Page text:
VetPartners is playing a key role to support sustainable farming

VetPartners is playing a key role to support sustainable farming

Farming is often cited as a major contributor to climate change and other environmental impacts.

Feeding a growing population is a challenge, and will only become more difficult if we don’t tackle climate change and increasing environmental concerns.

VetPartners Farm Director Ian Cure believes that vets, as farmers’ most trusted advisors, have a huge role to play in supporting sustainable and regenerative farming practices. Here, he explains why….


FARMING sustainably is vital to allow us to continue to produce food for a growing population whilst reducing the impact on the planet. Agriculture is under a lot of pressure and, as a large animal vet, I see it as one of my duties to help shed some light on all sides of the environmental challenge we are facing.

For example, carbon footprinting is widely used in the agricultural sector to measure a farm’s  greenhouse gas emissions, but currently the role our farms can play in carbon storage is underrepresented in many available tools.

As an industry that has the potential to mitigate some of the impacts of climate change, this area is an exciting frontier for further research. Farming not only has the capacity to produce quality food, but also be a positive influence from an environmental perspective.

VetPartners’ aim is to support our vets with the required skills to advise our farm clients on how best to enhance efficient food production whilst delivering for the environment.

Improving the efficiency and productivity of their farming enterprises will in most cases lead to a reduction in their environmental impact for every unit of food they produce.

As farm vets, we are impartial, trusted professionals. We can help consumers to understand where their food comes from and encourage them to support local, sustainable food production that can provide ecosystem services for public health, such as carbon sequestration, clean air, water and improved biodiversity. In doing so, we can help to support the farming businesses that rely on our services to make sure they are best equipped to meet these environmental targets.

Preventing disease can have a significant impact in terms of reducing the environmental effects of food production.

As farm vets, it is important we support this.

The role a vet plays in supporting farm businesses is evolving all the time and treating sick animals, whilst still vital to support excellent animal welfare, should become a smaller and smaller part of the day to day.

The aim is to optimise farm efficiency and productivity through disease prevention by looking after the health and welfare of the animals.

We must deliver an evidence base with which to support our clients. This means collecting accurate and relevant information in a timely way on farm.

I regularly sit down with farmers and discuss health, welfare and productivity data that provide us with insights into the overall efficiency of their farming enterprise, and reviewing  what changes we made in the way we aim to prevent disease and improve production.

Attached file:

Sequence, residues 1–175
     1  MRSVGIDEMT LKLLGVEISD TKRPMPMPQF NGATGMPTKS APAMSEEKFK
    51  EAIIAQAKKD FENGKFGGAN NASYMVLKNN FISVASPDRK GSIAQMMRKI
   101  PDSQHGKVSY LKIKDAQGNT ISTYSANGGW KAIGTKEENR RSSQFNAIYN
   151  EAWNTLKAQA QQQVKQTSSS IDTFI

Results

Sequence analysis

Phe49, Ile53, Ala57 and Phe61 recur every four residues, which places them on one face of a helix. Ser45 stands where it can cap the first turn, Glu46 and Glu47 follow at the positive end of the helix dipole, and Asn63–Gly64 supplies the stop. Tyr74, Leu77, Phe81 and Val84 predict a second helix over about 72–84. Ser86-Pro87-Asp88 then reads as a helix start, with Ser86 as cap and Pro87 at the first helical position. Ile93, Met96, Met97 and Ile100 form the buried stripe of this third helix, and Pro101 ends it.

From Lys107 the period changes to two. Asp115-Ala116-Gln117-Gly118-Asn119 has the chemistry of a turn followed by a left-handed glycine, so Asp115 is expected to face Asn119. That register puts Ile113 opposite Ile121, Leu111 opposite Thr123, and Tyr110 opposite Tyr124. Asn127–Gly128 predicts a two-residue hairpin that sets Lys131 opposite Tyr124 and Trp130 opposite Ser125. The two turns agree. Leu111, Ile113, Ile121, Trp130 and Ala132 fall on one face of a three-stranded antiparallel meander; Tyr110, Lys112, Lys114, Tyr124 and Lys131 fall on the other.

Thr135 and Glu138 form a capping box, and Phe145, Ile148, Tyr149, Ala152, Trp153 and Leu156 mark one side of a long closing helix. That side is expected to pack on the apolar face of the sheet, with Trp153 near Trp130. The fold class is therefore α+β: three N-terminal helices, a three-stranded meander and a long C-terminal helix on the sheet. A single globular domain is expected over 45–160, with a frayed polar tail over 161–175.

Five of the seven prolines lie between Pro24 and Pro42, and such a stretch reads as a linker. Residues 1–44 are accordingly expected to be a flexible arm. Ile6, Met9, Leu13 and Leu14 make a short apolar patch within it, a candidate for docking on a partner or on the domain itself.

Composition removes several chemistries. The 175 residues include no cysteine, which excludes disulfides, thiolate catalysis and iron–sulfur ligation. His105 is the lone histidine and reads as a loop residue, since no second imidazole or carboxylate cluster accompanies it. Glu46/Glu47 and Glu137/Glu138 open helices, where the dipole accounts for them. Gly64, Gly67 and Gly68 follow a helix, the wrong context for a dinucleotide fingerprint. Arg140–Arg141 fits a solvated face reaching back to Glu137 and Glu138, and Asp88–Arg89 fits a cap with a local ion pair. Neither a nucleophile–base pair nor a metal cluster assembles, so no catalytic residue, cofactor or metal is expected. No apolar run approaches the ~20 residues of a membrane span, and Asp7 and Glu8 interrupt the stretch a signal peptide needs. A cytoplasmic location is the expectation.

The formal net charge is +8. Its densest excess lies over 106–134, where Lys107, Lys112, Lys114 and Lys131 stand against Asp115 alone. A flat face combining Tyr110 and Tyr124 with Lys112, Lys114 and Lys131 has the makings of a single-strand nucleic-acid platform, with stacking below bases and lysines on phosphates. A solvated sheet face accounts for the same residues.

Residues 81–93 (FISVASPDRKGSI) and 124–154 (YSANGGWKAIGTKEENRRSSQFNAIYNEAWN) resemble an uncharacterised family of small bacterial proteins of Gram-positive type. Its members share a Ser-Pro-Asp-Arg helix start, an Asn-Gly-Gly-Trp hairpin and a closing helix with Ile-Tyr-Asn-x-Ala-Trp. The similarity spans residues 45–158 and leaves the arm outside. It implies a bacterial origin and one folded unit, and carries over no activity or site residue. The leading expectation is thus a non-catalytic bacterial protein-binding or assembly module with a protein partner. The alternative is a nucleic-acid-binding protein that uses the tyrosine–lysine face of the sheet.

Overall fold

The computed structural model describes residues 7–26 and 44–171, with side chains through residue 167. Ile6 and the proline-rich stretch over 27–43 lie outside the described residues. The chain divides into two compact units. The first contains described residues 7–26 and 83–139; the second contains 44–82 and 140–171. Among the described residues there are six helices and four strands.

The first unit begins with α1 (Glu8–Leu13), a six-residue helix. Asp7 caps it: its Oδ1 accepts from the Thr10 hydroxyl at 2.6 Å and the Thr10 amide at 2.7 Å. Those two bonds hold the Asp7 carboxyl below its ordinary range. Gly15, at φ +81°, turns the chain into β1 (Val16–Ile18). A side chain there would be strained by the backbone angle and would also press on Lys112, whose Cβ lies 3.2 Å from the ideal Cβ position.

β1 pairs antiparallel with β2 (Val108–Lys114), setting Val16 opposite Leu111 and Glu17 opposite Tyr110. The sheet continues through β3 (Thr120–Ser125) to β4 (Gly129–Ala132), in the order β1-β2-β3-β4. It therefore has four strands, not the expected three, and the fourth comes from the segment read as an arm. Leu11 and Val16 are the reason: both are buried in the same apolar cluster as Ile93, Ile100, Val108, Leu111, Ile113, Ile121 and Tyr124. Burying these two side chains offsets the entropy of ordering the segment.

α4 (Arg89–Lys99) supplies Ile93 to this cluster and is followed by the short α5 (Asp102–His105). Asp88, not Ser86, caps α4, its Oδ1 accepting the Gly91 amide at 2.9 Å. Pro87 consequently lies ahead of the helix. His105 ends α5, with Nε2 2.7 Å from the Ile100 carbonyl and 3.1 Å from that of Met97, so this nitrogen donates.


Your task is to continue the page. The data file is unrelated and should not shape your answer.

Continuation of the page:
We have moved on from purely preventing disease, and it’s about optimising efficiency in the production cycle. How do we produce more milk from the same or less inputs? How do we increase daily liveweight gain without increasing feed? Doing this both increases profitability and reduces the carbon intensity of production.

A lot of the information is already available and, for the bits that aren’t, that’s where we have a role as vets. With our scientific backgrounds, collating and presenting data to farmers in a way that is usable and intuitive is a key role we have for the future.

Increasing our engagement may also lead to increasing veterinary costs – a double edged sword for a farmer.

My role is making sure that that increasing investment made by the farmer is rewarded with them having more saleable products for the same overheads, therefore making their business more profitable and environmentally sustainable.

By advising farmers on changes at herd level as well as at an individual level, we maximise the impact that our intervention can have. This means despite our visits to farms focusing around individual animals or groups of animals, it’s important to have regular touch points with the whole farming system and groups within it.

My goals for the near future involve how I can take data that we have from our farms and repurpose it in a way that provides an understanding to the public about what sustainable food production looks like.

For example, is locally reared beef more sustainable than imported tofu? How many people know that grazers such as cattle and sheep are not only a hugely important food source, but can also be used to control invasive plant species.

This isn’t a blame game, it’s about everyone understanding their impact on the environment, and if we can strive to make food production as efficient as possible, then we are helping agriculture reduce its impact on the environment.


Ian qualified from Glasgow Vet School with a passion for farm animal work. He c0-founded LLM Farm Vets in Lancashire in 2008. He gained the Diploma in Bovine Reproduction in 2012. His veterinary interests amongst others include fertility, lameness and nutrition. Ian has been VetPartners Farm Director since 2019.